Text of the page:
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Thread: SSH brute force attacks
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SSH brute force attacks
Gonna put on my rootkithunter again, hadn't put it on since I last upgraded. Any help appreciated guys. In fact here's your bananas in advance....
disable ssh to all accounts that don't need it, esspecially remote root login, use strong passwords, at least 8 characters long consisting of numbers and letters both upper case and lower case, also consider using a script that blocks an ip through iptables after a certain amount of failures.
that's just off the top of my head, i'm sure there's some more things you can do
Cheers man, where do I set user rights to SSH? I'm new to remoting linux. Btw I ran rkhunter and I'm clean, so at least none of the attacks were successful. Keeping it clean!
Changed my passwords anyway to be sure.
Use tcp wrappers to restrict which subnets can access ssh, if that will be ok for you.
Have a look at: /etc/hosts.allow and /etc/hosts.deny.
If you can comfortably live with restricting to just a couple subnets, this is a really important step.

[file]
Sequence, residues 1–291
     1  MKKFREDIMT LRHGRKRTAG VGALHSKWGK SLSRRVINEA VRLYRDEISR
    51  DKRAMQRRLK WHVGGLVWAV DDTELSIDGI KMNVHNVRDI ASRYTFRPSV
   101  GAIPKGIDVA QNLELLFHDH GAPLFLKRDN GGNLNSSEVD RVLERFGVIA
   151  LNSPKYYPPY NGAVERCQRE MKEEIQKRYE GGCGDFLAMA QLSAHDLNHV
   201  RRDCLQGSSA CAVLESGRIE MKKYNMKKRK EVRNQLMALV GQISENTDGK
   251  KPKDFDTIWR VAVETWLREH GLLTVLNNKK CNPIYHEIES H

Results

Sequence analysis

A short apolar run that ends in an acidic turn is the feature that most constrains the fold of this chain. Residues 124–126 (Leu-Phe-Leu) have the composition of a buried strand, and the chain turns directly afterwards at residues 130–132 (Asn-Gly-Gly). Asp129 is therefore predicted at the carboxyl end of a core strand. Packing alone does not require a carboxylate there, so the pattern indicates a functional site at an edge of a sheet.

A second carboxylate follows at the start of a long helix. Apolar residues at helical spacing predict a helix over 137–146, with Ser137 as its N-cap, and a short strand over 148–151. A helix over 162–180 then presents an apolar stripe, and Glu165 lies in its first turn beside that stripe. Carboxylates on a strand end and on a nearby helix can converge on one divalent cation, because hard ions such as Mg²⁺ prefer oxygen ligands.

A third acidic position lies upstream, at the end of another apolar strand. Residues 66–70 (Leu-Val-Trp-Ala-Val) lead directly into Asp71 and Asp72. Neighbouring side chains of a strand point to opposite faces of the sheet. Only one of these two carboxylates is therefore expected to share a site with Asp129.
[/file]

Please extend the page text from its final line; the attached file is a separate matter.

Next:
Rather than reinventing the wheel, here are some more tips on hardening SSH service: http://forums.suselinuxsupport.de/in...howtopic=14577
All points may or may not apply for your distro..
- Join Date
- Mar 2005
i recenlty got ssh setup and working on my linux box.
how did you know there were brute force attempts on the machine?Registered Linux User # 392752
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Look in your logs...
In slackware, take a look at your /var/log/messages log. You should see lines like these:
Jun 26 17:26:43 slack sshd: Invalid user dorothy from 184.108.40.206
Jun 26 17:26:43 slack sshd: Failed password for invalid user dorothy from 220.127.116.11 port 52420 ssh2
Date, time, server name (slack is mine), sshd (is the process) and then you see the user name and ip...at least that is what I have found to be true. I see these in my logs from time to time, but rarely if ever, from the same IP and hardly ever for more than a minute or two worth of attempts.Join the Open Source Revolution. Support GNU/Linux.
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- Join Date
- Jun 2005
- Los Angeles, CA
Another thing that you can do is change the ssh protocol version to ssh2 instead of ssh1. Also, changing the default port from 22 to something complete different also helps as well.
With a combination of that and using TCP wrappers to only allow certain subnets to your box, you would make your box a bit more difficult to get into.
Nothing is full proof, but it's just one of many road blocks to put up again intruders.
06-27-2005 #9Another thing that you can do is change the ssh protocol version to ssh2 instead of ssh1.
- Join Date
- Nov 2004
I also found running sshd on a nonstandard port slows down the attempts as well.